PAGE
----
Lane's weekly outpatient sessions at Manchester Royal Infirmary, dealing with industrial diseases and their related problems and rehabilitation, attracted many doctors. These sessions were a source of satisfaction and, indeed, pleasure to the professor and he would often cut short holidays rather than miss them. He also instituted courses for doctors both already in industry and wanting to enter it. The two-year part-time course for the Diploma in Industrial Health was an innovation which has stood the test of time.
Lane gradually increased the staff of his department and the scope of his work. At least nine of his staff became professors - a great achievement for a relatively small department. Research on matters as diverse as lead and cadmium poisoning, disease in the cotton industry, electric shock, noise-induced hearing loss, rehabilitation and industrial hygiene reflect his wide interests.
Born in 1897, the son of a schoolmaster, Ronald Lane was educated at Simon Langton School, Canterbury, and later Guy's Hospital Medical School. He was a pilot in the Royal Flying Corps for four years during the First World War, one of the longest survivors of that select group (which became the Royal Air Force in 1918). After demobilisation in 1919, he had a great desire to become a doctor. He used to tell how difficult it was then for parents to finance the five years in medical school and how it was his savings and gratuity from years of service which enabled him to attain his early ambition.
He qualified in 1923 and the following year gained the higher qualification of MRCP (London) after entering general practice in Nottingham. After two years, however, he realised he had not settled down in practice. Even at that early stage in his career, although he had no training or experience as a doctor in industry, he applied for and got the post of full-time medical officer to the Chloride company, manufacturers of batteries in Manchester, where there was a serious incidence of lead poisoning. This crippling industrial disease was rife in many industries throughout the world. Lane's pioneering work at Chloride led to a virtual elimination of the scourge wherever the regime which he had developed was applied, and he became a world authority on the subject.
In the inter-war years, there were few doctors in industry. From these men (no women in those days) was formed in 1935 the Association of Industrial Medical Officers, later to be named the Society of Occupational Medicine, said to have been founded in a pub in London. There were 25 original members of whom Lane was one, and he held the office of president from 1939 to 1941. It is now an important body of men and women, some 2,000 strong.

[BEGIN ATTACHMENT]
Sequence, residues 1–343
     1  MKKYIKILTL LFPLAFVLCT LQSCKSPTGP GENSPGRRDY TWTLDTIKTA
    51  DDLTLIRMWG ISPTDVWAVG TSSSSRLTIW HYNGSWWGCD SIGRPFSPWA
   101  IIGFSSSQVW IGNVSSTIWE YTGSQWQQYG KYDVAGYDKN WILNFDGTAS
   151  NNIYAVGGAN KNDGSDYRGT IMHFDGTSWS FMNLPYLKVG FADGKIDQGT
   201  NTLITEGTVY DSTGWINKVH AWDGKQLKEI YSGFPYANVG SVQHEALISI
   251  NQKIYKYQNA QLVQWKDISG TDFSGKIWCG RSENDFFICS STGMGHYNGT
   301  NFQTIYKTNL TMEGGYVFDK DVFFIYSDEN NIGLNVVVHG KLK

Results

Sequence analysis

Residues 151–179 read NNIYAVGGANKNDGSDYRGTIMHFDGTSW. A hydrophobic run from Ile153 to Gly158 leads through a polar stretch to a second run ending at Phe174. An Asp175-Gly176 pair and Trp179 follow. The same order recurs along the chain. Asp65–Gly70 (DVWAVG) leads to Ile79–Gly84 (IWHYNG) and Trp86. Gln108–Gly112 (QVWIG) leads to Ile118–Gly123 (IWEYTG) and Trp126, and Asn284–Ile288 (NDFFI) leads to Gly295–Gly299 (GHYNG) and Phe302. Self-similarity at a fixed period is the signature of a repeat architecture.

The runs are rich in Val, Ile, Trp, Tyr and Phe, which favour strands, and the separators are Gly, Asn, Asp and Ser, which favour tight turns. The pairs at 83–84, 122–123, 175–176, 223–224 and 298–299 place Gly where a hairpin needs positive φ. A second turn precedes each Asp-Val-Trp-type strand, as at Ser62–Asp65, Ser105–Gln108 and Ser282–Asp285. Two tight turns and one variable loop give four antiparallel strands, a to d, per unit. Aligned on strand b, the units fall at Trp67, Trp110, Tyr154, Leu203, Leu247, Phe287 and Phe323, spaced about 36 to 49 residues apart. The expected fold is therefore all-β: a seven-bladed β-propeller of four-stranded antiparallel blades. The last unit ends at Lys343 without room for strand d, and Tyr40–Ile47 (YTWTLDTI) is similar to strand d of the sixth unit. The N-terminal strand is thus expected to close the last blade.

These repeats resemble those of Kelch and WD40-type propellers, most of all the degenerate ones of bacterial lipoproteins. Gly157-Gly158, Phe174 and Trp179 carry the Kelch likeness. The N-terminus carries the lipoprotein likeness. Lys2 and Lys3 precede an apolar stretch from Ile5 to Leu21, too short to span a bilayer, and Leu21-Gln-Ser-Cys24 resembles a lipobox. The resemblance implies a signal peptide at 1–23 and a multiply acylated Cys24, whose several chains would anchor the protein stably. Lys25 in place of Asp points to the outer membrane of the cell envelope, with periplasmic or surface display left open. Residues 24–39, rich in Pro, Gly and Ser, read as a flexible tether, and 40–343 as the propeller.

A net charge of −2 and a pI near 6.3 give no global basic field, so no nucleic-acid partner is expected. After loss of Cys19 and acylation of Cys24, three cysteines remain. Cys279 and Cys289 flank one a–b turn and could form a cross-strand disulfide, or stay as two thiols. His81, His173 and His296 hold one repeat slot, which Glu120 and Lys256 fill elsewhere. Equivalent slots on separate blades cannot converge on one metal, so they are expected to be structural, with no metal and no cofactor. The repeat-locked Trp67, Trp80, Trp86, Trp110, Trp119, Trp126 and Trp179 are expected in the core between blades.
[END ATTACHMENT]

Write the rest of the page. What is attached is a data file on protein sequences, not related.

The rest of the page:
Lane firmly held the view that the practice of industrial medicine is incomplete unless it is related to clinical medicine and to the environment. In 1935, he was appointed Honorary Physician to the Salford Royal Hospital where, in addition to clinical work, he developed his abiding interest in the rehabilitation of workers. The importance of this during the Second World War, when the industrial workforce was being depleted as fit men and women were absorbed into the forces, increased greatly. Ernest Bevin was then the equivalent of Minister of Labour and he enlisted Lane to assist in setting up rehabilitation courses for the disabled and the previously unemployed. A great rapport build up between these two men and the success of their efforts was reported by Lane in his 1977 lecture "My Fifty Years in Industrial Medicine". Those of us who experienced these early years will never forget the fantastic transformation which took place in the health and morale of these people.
Lane continued with the Chloride company until 1945, when he was appointed Professor of the new Nuffield Department of Occupational Health in Manchester University and Honorary Consultant Physician to the teaching hospital, the Manchester Royal Infirmary.
In his 31 years of retirement, he kept in touch with his old department and with developments in his chosen speciality. He described his 50 years in industrial medicine as "a golden age: never was a half-century so crowded with new advances". With characteristic modesty, he does not even hint that so much of this progress was due to his own commitment and original thought.
Ronald Lane was also a humane being, understanding, sympathetic and helpful, always ready to listen, to give good advice and practical help. Those of us who were fortunate to enjoy his friendship look back over the years to the fun, the laughter and the enjoyment we had in his company.
He was, in his earlier years, a scratch golfer; he later once went round a course in his age in years, and played until he was 96. Bridge gave him great pleasure and he was not lacking in skill. We played 10 days before his death and he won some money from me. Even at 97, his mind had been spared in abundant measure.
During his distinguished career, Lane gained many degrees, diplomas and fellowships, but I think to him the highlight was his appointment as CBE in 1957. The medical tradition is now firmly established in his family; his son Peter is Emeritus Professor of Medicine (Dermatology) in Saskatoon, Canada, and his grandson David is resident in ophthalmology.
T. S. Scott
Ronald Epey Lane, industrial physician: born 2 July 1897; Nuffield Professor of Occupational Health, Manchester University 1945-65 (Emeritus); Honorary Consulting Physician, Manchester Royal Infirmary 1945-95; CBE 1957; married 1924 Winifred E. Tickner (died 1981; one son, and one daughter deceased), 1982 Ida Bailey (died 1991); died 14 March 1995.Reuse content